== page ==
Many research projects involve scientific computing for analyzing [big] data and/or simulating complex systems. This makes it necessary have a systematic approach to obtaining well-tested and documented code. Further, we see an increased interest in reproducible research, which allows other researchers the opportunity to dig further into others research results as well as easy access to results and improving productivity by reusing code and software.
This is a course in scientific computing using the increasingly popular programming language Python. Python is gaining popularity in science due to a number of advantages such as having a rich set of libraries for computing and data visualization, excellent performance optimizing possibilities, standard tools for simple parallel computing, fast development cycle and high productivity – just to name a few. Python is open source and as such an asset for any researcher following the reproducible research paradigm.
This course covers the main area: High performance computing.
High performance computing:
- Memory profiling
- Time profiling (function based / line based)
- Performance optimization
- Numba (just in time compilation)
- Cython (compiled Python via C-extensions)
- SWIG (C integration with Python)
- Fortran wrapping using f2py
- Parallel computing
- Theoretical aspects (Amdahls and Gustaf-Barsis law)
- Parallel computing methodologies
- Distributed computing and shared memory computing
- Parallel computing in Python
Audience: The targeted audience is mainly engineers or similar with an interest in developing robust, portable and high quality code for various scientific computing purposes. By this we mean code to solve actual problems where [lots of] floating-point computations are needed.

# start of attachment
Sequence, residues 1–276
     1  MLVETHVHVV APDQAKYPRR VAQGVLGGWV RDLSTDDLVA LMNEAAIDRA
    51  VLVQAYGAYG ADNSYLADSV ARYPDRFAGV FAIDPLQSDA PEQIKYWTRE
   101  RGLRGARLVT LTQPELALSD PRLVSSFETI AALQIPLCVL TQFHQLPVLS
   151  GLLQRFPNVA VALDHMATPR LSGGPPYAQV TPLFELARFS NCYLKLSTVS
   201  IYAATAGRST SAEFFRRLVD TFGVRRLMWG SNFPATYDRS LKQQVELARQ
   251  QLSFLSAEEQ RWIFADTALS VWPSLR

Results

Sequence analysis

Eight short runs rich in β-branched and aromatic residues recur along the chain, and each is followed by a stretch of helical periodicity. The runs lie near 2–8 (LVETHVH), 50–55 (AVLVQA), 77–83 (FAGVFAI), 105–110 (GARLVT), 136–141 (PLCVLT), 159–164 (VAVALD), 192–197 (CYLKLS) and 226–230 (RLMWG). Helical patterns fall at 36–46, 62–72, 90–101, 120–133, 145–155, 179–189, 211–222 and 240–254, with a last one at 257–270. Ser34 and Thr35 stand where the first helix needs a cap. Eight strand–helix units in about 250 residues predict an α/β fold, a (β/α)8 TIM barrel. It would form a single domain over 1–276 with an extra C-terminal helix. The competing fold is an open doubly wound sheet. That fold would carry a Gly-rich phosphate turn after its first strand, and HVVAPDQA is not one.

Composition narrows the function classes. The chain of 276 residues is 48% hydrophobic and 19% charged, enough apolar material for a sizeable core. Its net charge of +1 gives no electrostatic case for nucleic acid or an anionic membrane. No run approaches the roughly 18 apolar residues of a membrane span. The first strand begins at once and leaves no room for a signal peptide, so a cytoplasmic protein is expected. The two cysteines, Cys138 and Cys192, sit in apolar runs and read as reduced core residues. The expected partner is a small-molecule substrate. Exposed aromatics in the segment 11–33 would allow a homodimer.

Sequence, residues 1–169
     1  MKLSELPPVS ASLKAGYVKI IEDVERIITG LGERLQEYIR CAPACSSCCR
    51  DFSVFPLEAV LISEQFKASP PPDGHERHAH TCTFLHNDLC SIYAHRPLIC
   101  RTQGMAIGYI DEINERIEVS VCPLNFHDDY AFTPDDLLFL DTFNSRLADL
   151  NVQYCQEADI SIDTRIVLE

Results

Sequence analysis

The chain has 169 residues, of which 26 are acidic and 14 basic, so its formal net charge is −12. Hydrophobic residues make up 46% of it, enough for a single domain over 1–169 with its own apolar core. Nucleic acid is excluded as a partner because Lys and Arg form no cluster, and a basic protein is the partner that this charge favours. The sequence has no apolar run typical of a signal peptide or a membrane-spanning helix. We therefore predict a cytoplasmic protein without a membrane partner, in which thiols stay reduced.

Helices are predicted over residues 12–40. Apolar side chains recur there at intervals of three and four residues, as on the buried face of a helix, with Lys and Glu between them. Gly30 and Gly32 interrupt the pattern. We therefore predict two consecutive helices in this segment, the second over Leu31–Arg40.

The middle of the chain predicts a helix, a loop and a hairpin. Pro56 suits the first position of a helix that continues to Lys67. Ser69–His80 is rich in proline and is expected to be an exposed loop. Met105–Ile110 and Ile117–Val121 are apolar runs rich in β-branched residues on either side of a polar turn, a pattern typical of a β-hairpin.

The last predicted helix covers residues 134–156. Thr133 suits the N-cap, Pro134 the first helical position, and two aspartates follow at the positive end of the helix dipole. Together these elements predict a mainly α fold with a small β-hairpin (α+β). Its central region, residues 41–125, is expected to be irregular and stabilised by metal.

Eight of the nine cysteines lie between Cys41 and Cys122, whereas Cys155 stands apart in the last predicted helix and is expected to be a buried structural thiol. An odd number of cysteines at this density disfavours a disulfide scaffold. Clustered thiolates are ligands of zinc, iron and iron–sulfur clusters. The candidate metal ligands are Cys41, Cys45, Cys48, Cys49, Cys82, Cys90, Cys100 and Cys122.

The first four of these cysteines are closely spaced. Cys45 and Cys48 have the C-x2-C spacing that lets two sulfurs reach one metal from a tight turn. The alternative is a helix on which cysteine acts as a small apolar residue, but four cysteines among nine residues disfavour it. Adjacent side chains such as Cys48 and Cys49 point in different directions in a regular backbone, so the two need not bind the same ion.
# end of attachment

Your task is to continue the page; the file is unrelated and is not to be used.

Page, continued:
Prerequisites: Participants must have some experience in programming Python. If not, there is an introductory course "Scientific Computing Using Python - 1. Python + Scientific Computing". Further, some basic skills in general use of a computer are expected. The tools applied work best using Linux or Mac OSX – Microsoft Windows may experience challenges when using parallel computing. We have USB memory sticks, from which you can boot Ubuntu Linux and run Python directly from the memory stick. These can be borrowed if you like.
Criteria for assessment: A standard mini-project must be delivered (5-10 pages description) in addition to the developed code. The code must include testing/validation, and performance evaluation of parallel computing. An acceptable mini-project and at-least 75% participation is required to pass the course.
Learning objectives: After completing the course the participants will:
- Know how to use methods and software for performance optimization.
- know when and how to apply parallel computing for scientific computing.
- Organizer: Associate Professor Thomas Arildsen, Department of Electronic Systems
- Lecturers: Ian Ozsvald, ModelInsight, UK
- ECTS: 2
- Time: 23-24 May, 2016 9:00-16:00
- Place: Fredrik Bajers Vej 7E/3 Room 209
- Zip code: 9220
- City: Aalborg
- Number of seats: 25
- Deadline: 2 May, 2016
- Important information concerning PhD courses
We have over some time experienced problems with no-show for both project and general courses. It has now reached a point where we are forced to take action. Therefore, the Doctoral School has decided to introduce a no-show fee of DKK 5,000 for each course where the student does not show up. Cancellations are accepted no later than 2 weeks before start of the course. Registered illness is of course an acceptable reason for not showing up on those days. Furthermore, all courses open for registration approximately three months before start. This can hopefully also provide new students a chance to register for courses during the year. We look forward to your registrations.